Will Monsanto Company Ready a Lawsuit As Vermont Signs GMO Labeling Bill Into Law?

Is Vermont Gov. Peter Shumlin just trying to get re-elected? Source: Wikimedia Commons/Community College of Vermont.

Move over, slavery ban and same-sex marriage legalization: The mandatory labeling of food products containing ingredients produced from genetically modified organisms, or GMOs, will be joining the list of firsts for Vermont. While history clearly shows that consumer activism succeeds only when scientists are on the same side as the consumer -- eliminating CFCs, making seatbelts mandatory, restricting use of pharmaceutical compounds, cleaning air and water, removing unnecessary preservatives from consumer products, and the like -- which is not the case when it comes to genetic modification of the food supply, anti-GMO activists are already calling the legislation a major win in what is characterized as the "battle against GMOs." The cheers will only get louder when Gov. Peter Shumlin officially signs the bill that the state House passed 114-to-30 into law.

Before you pop the champagne, however, you may want to consider the likelihood that Monsanto Company (NYSE: MON  ) , other trait companies, and food producers will protest the legislation, which won't go into effect until July 1, 2016. In fact, the bill not only mandates the labeling of GMO foods, but also establishes a fund of up to $1.5 million to help pay for the state's defense for an expected lawsuit. More worrisome to the chances of success for Vermont is the estimated range for legal costs in a pending lawsuit: $5 million at the low end of the range and $8 million at the high end. Can tiny Vermont really succeed against the entire food industry, including food producers and trait developers? Could negative public perception from a lawsuit actually damage Monsanto and its peers?

Why Vermont has no chance
For starters, Vermont ranks 49th in the Union with only 626,630 citizens. Food producers have steadfastly opposed labeling laws proposed in California, the most populous state with 38.3 million citizens, and Washington, ranked 13th with almost 7 million inhabitants. Why would food producers make separate labels for less than 1 million Vermont residents if they wouldn't do so for California? Does anyone believe Vermont can really survive a lawsuit against one of the country's most important industries in terms of employment?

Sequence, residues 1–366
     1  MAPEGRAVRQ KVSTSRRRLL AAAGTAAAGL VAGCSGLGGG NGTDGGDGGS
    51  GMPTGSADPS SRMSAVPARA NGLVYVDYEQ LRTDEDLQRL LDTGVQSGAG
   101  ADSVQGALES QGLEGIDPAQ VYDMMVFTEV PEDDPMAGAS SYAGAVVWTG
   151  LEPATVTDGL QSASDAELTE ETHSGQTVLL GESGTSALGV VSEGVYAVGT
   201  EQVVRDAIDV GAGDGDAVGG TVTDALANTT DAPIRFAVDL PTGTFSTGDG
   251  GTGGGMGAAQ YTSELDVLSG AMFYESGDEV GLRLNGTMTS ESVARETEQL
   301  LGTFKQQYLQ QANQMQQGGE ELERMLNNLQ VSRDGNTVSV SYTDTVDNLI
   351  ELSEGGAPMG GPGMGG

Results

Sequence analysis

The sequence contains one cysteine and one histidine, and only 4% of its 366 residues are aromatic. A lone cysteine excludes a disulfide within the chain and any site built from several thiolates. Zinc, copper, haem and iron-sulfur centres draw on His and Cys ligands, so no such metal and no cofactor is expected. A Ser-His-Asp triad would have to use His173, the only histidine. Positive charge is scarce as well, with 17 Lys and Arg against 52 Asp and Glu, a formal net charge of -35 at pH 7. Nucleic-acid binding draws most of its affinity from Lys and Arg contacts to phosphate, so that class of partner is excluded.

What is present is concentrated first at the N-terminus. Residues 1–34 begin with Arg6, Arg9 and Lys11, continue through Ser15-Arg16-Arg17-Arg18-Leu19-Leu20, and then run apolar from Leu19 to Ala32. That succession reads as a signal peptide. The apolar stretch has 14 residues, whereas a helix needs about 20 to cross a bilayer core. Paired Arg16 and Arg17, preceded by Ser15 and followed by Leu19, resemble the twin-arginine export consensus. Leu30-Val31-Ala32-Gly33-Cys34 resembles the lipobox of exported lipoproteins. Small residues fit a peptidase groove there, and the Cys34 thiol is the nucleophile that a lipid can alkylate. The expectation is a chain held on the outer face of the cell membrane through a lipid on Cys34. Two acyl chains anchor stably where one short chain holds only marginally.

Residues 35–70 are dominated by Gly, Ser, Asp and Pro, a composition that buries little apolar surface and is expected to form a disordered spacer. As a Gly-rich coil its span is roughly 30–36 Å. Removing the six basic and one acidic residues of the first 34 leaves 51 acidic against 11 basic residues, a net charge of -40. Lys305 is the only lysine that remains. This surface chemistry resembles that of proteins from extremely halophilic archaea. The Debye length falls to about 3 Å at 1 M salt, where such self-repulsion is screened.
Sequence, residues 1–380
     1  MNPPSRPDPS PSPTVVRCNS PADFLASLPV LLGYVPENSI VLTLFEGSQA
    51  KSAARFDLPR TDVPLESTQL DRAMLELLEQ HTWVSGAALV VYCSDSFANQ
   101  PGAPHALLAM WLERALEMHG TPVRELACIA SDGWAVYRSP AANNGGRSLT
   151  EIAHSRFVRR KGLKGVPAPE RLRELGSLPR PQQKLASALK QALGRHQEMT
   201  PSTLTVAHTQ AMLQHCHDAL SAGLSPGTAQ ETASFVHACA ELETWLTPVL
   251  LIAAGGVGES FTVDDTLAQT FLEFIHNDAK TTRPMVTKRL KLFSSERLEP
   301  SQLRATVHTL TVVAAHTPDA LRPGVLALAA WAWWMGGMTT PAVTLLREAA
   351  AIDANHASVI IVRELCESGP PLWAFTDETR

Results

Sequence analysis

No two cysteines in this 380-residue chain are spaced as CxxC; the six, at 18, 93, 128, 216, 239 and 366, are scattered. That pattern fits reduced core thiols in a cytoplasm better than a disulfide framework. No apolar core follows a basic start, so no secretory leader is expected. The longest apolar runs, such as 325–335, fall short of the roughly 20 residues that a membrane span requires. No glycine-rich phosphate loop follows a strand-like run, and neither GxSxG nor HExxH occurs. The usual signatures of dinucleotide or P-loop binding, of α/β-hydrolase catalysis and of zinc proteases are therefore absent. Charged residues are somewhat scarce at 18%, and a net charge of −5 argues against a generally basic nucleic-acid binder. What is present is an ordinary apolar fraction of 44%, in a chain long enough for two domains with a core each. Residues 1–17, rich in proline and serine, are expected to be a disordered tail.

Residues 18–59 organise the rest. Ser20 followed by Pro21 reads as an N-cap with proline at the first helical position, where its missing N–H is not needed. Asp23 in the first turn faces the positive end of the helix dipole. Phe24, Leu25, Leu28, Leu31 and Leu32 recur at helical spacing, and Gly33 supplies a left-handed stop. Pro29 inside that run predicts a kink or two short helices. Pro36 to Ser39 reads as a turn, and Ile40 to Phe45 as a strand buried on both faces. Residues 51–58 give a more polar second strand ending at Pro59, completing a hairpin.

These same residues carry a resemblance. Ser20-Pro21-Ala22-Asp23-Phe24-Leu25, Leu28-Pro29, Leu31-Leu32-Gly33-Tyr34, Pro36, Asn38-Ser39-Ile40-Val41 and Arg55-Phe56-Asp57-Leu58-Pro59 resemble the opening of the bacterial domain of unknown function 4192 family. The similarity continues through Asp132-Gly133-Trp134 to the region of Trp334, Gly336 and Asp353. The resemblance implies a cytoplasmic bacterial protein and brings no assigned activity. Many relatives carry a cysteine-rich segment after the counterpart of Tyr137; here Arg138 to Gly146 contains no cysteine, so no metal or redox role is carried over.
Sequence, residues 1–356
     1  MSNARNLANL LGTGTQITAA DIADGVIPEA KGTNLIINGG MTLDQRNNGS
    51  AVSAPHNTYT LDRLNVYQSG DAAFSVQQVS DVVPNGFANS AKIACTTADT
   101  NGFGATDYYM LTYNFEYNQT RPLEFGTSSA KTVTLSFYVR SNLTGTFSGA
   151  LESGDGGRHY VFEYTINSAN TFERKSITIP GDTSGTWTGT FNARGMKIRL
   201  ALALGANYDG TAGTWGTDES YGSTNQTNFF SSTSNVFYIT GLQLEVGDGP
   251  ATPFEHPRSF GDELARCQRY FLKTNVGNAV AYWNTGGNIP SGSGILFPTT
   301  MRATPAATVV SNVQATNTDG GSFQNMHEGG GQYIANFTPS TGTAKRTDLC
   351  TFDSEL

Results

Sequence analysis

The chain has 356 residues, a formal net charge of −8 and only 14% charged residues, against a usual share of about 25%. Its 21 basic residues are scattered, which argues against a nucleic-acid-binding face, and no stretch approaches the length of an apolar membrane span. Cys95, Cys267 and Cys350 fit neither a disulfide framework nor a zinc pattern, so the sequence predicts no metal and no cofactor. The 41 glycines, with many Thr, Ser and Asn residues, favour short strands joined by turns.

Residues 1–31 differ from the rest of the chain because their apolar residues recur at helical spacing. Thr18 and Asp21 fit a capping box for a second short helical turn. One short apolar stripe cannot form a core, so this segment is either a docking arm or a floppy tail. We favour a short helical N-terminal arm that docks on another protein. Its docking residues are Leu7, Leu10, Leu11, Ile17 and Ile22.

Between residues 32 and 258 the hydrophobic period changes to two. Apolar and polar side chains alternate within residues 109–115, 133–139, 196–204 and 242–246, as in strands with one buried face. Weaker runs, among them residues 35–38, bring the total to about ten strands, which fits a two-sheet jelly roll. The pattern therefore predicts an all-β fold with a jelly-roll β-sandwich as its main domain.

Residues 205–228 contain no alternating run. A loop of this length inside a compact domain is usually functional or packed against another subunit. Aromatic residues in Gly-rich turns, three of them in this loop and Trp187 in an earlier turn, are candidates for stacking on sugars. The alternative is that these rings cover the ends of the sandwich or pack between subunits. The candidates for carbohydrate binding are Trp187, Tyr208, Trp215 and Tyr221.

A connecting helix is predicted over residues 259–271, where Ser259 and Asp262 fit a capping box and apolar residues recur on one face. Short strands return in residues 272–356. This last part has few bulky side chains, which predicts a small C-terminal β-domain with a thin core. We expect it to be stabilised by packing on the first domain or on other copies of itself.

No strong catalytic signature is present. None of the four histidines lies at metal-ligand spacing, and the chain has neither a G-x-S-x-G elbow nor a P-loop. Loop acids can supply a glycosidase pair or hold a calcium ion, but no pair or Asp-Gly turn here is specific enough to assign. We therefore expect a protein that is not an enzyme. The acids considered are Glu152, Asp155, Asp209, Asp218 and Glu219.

There are additional wrenches being thrown into the bill's chances of going into effect in 2016. First, supporters should consider that Gov. Shumlin's strong support of the bill is occurring during an election year. Second, the bill was passed under the guise of several questionable claims championed by Vermont Right to Know GMOs, such as stating that there would be no additional cost to consumers or food producers and presenting unpopular scientific views as a consensus among the scientific community. The bill could be doomed if those holes are exposed.

Why Vermont may have a chance
It's difficult to imagine Monsanto damaging its public image any further, but the company should realize that the stakes are higher this time around. Currently, I would suspect that most people who oppose Monsanto are those who are firmly against GMOs. Those aren't the people who will come into play for a lawsuit that will undoubtedly garner national attention. If the media has a field day with the potential court case, as would be expected, then the debate about GMOs and a consumer's "right to know" could bust into the living rooms of people who haven't given it much thought before or are undecided. Are swing voters going to side with the fearmongering performed by the opposition and tiny little Vermont, or Big Ag and the "evil empire" of Monsanto?